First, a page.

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1/18. spleen localization of light chain deposition disease associated with sea blue histiocytosis, revealed by spontaneous rupture.

    Splenic involvement by a light chain deposition disease (LCDD) associated with sea-blue histiocytosis occurred in a 55-year-old man presenting with LCDD of the kidney without myeloma. Lambda light chain deposits were demonstrated by immunohistochemistry in vessel walls and along the ring fibres of the red pulp sinuses. Accumulation of sea blue histiocytes in the cords was also present. Stiffness of the walls of the red pulp sinuses resulting from light chain deposits may have induced accumulation and destruction of circulating blood cells. Lipid catabolism with production of ceroids may have resulted in lipidic histiocytosis with a sea blue histiocyte pattern. ( info)

2/18. Pulmonary involvement in Niemann-Pick disease: case report and literature review.

    Niemann-Pick disease (NPD) is a rare, inherited, autosomal recessive, lipid storage disease. The pathognomonic intracellular accumulation of sphingomyelin results in the production and accumulation of 'foam cells'. Interstitial lung disease is a rare manifestation of NPD. We present the case of a 48-year-old white female with NPD involving the lungs, liver and spleen. The chest radiograph showed bilateral, predominantly basal reticulonodular infiltrates and serial pulmonary function tests over a period of years showed preserved expiratory airflow and a severely decreased diffusion capacity for carbon monoxide (DLCO). In view of her visceral involvement, lack of neurological symptoms and survival into adulthood, we believe our patient represents a case of type B NPD. In this type of NPD, aside from prominent hepatosplenomegaly and sexual immaturity, significant pulmonary infiltration with 'Pick cells' has been reported. To date, no therapeutic modality has been shown to alter the natural history of this disease, which results in progressive debilitation and death. This case is unique in that it provides the longest physiological follow-up in the literature, and provides data on the natural history of pulmonary involvement in NPD. ( info)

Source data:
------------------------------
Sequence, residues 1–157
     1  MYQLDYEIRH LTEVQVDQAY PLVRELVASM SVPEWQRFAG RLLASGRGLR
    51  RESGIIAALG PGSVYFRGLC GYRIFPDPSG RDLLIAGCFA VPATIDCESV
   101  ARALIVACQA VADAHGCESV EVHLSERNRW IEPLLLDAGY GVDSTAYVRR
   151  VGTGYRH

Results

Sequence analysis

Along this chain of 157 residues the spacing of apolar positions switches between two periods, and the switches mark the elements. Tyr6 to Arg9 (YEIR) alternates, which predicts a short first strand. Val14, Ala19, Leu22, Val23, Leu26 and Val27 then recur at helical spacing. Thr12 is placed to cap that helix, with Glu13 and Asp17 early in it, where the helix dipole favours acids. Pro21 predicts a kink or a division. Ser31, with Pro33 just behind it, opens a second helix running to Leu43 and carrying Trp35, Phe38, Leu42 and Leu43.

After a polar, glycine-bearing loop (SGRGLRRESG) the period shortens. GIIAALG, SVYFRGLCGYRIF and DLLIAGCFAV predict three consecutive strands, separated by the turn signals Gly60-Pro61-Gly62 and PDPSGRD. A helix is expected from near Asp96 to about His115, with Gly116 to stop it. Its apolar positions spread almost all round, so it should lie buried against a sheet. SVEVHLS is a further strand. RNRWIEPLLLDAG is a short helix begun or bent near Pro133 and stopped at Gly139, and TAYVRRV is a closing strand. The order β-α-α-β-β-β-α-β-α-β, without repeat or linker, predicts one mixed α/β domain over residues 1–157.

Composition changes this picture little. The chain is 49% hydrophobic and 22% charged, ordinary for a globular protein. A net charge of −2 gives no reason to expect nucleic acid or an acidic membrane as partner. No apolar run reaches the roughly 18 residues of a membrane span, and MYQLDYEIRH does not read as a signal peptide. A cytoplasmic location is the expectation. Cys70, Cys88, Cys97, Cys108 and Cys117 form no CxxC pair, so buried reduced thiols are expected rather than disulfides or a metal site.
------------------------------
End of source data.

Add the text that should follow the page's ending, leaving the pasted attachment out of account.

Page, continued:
3/18. Successful pregnancy in a patient with familial sea-blue histiocyte syndrome.

    A 27-year-old Indian woman at 23 weeks' gestation presented with decompensated liver cirrhosis, coagulopathy, restrictive lung disease with cor pulmonale and preeclampsia. She was diagnosed to have sea-blue histiocyte syndrome (SBHS) at the age of 13 years and was treated conservatively. There was worsening liver, respiratory and bone marrow function as the pregnancy progressed. She underwent a successful pregnancy despite her poor medical condition and advanced disease state. We described the first case of familial SBHS in a pregnant patient from asia. ( info)

4/18. Sea-blue histiocytosis secondary to Niemann-Pick disease type B: a case report.